Article Published in the Norfolk Virginia-Pilot
This article appeared in 7 newspapers around Virginia.
In delivering the Republicans’ national radio address on Memorial Day, Virginia Governor Jim Gilmore touted how fellow GOP Governors are using choice, and particularly charter schools, to advance education reform and improve pupil performance nationwide. We can only hope this means Virginia soon will propel itself from laggard to leader in this movement.
Governor Gilmore can ensure his legacy as an education governor by not only staying the course on standards-based reform begun under George Allen, but also by injecting even more vigor into the initiative by embracing marketplace options, such as charter schools.
Charter schools are independently run public schools open to all comers on a tuition-free basis. Their organizers obtain charters, typically for a five-year term, in exchange for a commitment on their part to elevate student learning. The school leaders — often like-minded teachers and parents — gain the leeway to innovate via waivers of many bureaucratic rules, but must abide by health, safety, and civil-rights laws.
Charters are where the right and left of the political spectrum converge in support of parental choice in education. Republican Governors and members of Congress support such schools, but so does President Clinton, who has taken justifiable pride in the growth of charter schools from one in 1992 to almost 1,700 (with 250,000 students) today.
The Gilmore Administration recently distributed grants totaling $88,000 to Virginia’s first three charter schools — Victory Academy in Gloucester, directed by former Democratic legislator Shirley Cooper; Hampton University’s Charter School for Math, Science, and Technology; and Roanoke’s Blue Ridge Technical Academy.
That trio looks promising but three isn’t enough for an education-minded state like Virginia. Arizona alone has more than 350 charter schools, making up a fourth of the state’s public schools. California (239), Michigan (173), Texas (167), and Florida (111) are among the other leaders. Neighboring North Carolina has seen 95 charter schools blossom since passage of enabling legislation in 1996. Among them is Healthy Start Academy in Durham, where achievement of low-income, minority children has soared over the 90th percentile.
In Colorado, a recent study by the state’s Education Department found striking gains in student test scores in the 51 charter schools that have been up and running for at least two years. Charter students scored 10 to 16 percentage points above statewide averages, and three-fourths of the charter schools out-performed home districts and schools with similar demographic profiles. Particularly impressive results came at the 22 Colorado charter schools that use the Core Knowledge model developed by University of Virginia professor E.D. Hirsch, Jr.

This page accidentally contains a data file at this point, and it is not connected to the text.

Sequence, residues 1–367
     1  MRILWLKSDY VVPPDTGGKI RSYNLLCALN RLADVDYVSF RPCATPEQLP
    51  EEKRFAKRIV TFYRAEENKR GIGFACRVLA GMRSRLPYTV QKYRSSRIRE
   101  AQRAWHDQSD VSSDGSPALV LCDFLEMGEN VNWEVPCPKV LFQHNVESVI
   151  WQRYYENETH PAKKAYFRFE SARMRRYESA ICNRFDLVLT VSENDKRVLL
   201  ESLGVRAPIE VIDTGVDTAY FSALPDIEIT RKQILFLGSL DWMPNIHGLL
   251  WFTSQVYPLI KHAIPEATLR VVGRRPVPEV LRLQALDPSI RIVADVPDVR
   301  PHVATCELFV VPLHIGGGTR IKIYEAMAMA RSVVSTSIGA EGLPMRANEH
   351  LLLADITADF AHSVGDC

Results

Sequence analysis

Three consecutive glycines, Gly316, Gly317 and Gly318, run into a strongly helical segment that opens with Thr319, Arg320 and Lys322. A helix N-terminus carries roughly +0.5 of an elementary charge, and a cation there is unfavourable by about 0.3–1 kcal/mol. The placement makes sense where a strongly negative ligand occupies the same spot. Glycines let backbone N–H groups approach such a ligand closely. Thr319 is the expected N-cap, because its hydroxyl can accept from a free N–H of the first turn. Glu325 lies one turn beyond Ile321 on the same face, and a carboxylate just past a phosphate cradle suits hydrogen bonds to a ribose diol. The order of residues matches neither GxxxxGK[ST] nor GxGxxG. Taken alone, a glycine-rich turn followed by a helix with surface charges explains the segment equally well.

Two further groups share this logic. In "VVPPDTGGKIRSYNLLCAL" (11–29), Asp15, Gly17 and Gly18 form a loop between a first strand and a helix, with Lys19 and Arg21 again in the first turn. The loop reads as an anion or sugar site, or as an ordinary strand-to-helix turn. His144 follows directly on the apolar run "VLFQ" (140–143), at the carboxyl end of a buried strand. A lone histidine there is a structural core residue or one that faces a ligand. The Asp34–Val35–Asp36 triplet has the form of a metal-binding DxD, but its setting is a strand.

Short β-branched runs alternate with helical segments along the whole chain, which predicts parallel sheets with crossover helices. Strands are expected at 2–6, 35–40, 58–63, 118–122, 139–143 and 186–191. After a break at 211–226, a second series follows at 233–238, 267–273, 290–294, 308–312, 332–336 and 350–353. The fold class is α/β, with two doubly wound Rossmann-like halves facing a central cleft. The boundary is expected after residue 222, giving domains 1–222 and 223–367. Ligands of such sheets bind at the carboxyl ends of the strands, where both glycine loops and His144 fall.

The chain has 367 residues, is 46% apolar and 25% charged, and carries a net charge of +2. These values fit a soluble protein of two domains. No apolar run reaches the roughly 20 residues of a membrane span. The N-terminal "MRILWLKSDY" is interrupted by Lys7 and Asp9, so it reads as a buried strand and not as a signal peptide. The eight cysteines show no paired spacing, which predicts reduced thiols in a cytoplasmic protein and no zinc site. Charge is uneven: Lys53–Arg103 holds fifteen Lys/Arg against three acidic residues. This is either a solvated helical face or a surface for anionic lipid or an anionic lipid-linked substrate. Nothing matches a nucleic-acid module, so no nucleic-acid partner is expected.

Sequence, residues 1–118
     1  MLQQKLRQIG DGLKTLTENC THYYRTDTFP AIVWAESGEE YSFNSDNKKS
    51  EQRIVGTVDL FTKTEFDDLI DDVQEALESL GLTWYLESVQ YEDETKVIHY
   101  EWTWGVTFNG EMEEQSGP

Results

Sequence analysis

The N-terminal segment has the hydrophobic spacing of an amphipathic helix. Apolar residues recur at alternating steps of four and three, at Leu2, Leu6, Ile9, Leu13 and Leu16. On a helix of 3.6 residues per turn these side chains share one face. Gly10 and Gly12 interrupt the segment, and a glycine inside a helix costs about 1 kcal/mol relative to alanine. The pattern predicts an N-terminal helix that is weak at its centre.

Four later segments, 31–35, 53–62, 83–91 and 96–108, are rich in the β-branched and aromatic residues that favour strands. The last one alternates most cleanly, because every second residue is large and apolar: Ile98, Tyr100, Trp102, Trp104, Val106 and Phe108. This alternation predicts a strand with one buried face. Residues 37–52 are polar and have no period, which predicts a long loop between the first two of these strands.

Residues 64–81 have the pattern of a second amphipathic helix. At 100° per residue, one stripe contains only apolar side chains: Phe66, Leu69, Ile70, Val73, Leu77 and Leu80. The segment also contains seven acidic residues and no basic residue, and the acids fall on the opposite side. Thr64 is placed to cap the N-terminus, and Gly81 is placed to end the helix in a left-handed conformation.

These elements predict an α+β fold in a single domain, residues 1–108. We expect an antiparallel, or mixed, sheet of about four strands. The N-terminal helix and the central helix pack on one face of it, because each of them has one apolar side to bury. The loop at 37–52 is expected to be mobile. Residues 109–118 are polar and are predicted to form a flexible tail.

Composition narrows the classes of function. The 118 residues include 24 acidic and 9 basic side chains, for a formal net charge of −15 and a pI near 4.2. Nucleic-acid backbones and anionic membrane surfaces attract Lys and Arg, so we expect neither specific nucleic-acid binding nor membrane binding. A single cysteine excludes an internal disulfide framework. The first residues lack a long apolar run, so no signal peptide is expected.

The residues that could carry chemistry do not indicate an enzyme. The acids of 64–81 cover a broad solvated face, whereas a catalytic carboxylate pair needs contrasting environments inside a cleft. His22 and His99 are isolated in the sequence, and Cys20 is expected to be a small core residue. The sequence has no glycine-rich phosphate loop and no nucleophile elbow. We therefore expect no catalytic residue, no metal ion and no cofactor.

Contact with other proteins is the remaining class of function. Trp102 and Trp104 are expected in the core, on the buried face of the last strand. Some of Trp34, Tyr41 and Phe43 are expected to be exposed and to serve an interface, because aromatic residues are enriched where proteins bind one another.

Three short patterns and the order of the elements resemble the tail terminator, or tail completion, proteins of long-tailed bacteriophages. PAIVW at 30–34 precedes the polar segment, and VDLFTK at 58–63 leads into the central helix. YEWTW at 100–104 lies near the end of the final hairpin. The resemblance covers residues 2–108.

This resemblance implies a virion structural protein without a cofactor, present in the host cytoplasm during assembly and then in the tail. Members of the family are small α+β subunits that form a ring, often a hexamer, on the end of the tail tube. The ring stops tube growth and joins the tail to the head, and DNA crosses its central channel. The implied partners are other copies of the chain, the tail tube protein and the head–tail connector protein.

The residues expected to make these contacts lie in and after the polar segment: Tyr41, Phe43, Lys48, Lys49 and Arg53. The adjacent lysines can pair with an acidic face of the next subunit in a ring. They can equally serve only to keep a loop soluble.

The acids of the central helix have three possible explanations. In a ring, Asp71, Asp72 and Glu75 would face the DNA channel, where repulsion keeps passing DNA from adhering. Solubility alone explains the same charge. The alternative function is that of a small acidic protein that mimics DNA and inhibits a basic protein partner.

Dr. Hirsch’s sequential, fact-based approach to teaching and learning helped inspire writers of Virginia’s Standards of Learning (SOL’s) for basic academic subjects. But strangely enough, Virginia law and a state education establishment largely opposed to charter schools discourage parents and teachers from calling on Dr. Hirsch’s foundation in Charlottesville for help in setting up Core Knowledge charter schools, which could aid many districts, schools, and students in mastering the SOL tests.
The devil is in the detail of Virginia’s watered-down 1998 charter school law, which the Center for Education Reform rates as the third weakest of the nation’s 37 charter laws. The statute provides for no school-chartering authority other than the local school board, and for no appeal of school-board rejections to a higher authority, such as the State Board of Education. Only 15 of Virginia’s 130 local boards have said they would be willing even to entertain applications for charter schools. Furthermore, the law requires charter schools to hire state-certified teachers rather than allowing organizers the flexibility offered in states like Colorado to select some teachers from outside the ed-school track with real-world experience and strong knowledge of their subjects.
It takes a far-sighted school board member — one willing to defy the education monopoly — to be willing to set up a center of competition within the local school system. Strong-minded reformers should have the help of strong state laws.
Successful charter models differ widely in their approaches, ranging from the classical to the progressive, but their very diversity recognizes that children learn in different ways. In their total commitment to accountability (to the point of shutting down if they fail to produce academic results), charters would complement the good work Virginia is doing in insisting on rigorous standards of learning. A dramatically strengthened charter-school law ought to be a top priority for bipartisan action by Governor Gilmore and the General Assembly when the 2001 session begins next January.
Frank Riggs, an Alexandria resident and former Congressman from California, authored the 1998 Charter Schools Expansion Act. Robert Holland is a senior fellow at the Lexington Institute, a nonpartisan public-policy research organization in Arlington, VA
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